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Jan 09, 2019 0
Community Beginner ,
Jan 09, 2019

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Thank you.

I use the correct Color Setting when exporting to PDF. Is it also necessary for the printing to set correct profile in 'Assign Profiles'? Or does this only affect the print preview?

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Jan 09, 2019 0
rob day LATEST
Adobe Community Professional ,
Jan 09, 2019

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Yes, it is very important to make sure the document's assigned profile is correct. The Color Settings is your preference for setting the color management rules for future documents, and doesn't necessarily have any affect on existing documents.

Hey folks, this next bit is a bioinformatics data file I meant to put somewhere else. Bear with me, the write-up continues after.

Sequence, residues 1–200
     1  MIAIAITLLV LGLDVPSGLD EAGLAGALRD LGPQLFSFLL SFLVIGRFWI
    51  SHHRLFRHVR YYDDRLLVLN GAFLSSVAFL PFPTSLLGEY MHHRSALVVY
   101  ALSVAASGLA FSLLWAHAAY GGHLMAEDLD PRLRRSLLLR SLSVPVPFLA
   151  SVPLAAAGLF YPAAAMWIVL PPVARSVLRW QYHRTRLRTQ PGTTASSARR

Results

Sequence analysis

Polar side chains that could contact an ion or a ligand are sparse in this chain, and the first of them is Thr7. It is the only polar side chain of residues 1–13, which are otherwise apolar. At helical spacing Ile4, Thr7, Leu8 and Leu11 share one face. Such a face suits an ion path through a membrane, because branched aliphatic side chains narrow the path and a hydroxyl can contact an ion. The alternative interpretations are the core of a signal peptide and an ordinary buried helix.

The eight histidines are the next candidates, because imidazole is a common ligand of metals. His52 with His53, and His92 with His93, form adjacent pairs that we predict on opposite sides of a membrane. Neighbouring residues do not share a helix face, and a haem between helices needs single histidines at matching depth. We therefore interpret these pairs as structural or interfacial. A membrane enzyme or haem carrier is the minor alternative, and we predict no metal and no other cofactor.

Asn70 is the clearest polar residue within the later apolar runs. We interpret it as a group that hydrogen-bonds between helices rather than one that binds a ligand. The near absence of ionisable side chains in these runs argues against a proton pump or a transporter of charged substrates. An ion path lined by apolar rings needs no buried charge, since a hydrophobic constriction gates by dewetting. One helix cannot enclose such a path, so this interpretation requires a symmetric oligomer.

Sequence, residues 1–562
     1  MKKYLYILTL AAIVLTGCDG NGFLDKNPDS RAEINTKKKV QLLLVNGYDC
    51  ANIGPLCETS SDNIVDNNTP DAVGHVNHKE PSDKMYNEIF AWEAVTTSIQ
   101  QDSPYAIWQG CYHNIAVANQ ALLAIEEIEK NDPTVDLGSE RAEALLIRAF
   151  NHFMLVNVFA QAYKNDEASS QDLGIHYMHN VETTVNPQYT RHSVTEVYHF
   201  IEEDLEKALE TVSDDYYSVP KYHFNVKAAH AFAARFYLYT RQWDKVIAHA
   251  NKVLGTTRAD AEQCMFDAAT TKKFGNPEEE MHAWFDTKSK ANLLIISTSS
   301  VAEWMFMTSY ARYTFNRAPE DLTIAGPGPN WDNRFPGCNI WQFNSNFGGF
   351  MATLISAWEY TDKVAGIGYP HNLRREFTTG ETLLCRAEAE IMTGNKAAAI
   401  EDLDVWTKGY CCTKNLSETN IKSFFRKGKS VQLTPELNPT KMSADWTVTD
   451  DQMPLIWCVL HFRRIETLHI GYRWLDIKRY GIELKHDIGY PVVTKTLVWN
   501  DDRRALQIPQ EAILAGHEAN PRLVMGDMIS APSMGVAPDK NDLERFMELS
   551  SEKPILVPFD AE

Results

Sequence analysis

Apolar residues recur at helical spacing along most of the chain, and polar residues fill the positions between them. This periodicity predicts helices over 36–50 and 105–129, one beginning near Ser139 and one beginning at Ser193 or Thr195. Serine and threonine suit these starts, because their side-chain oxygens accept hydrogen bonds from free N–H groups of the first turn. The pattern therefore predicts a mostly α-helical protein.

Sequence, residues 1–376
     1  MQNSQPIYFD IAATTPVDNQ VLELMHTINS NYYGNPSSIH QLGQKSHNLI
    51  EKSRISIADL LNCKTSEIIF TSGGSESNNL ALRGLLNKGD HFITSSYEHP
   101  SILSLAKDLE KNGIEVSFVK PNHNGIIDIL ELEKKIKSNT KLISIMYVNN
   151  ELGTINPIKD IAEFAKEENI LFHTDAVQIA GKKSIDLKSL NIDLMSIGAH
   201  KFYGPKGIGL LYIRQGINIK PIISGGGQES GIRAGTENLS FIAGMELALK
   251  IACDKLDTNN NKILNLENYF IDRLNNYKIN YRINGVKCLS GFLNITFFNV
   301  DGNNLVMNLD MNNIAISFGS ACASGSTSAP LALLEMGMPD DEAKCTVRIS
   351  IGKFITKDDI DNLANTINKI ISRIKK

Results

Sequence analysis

So if you create a document using one of the default Color Settings presets like North America Prepress, the assigned CMYK profile will be US Web Coated SWOP. If you then export that document with FOGRA39 set as the Destination profile in the Output tab, there will be an extra CMYK-to-CMYK conversion for any CMYK colors you use, which is never ideal and in some cases can cause color output problems.

If the document assignment is FOGRA39, and you choose Document CMYK as the Destination, the document's CMYK values will export unchanged.

Of course none of this solves the problem of out-of-gamut RGB colors being unprintable—if you are using RGB colors you really want to get an accurate proof from the printer.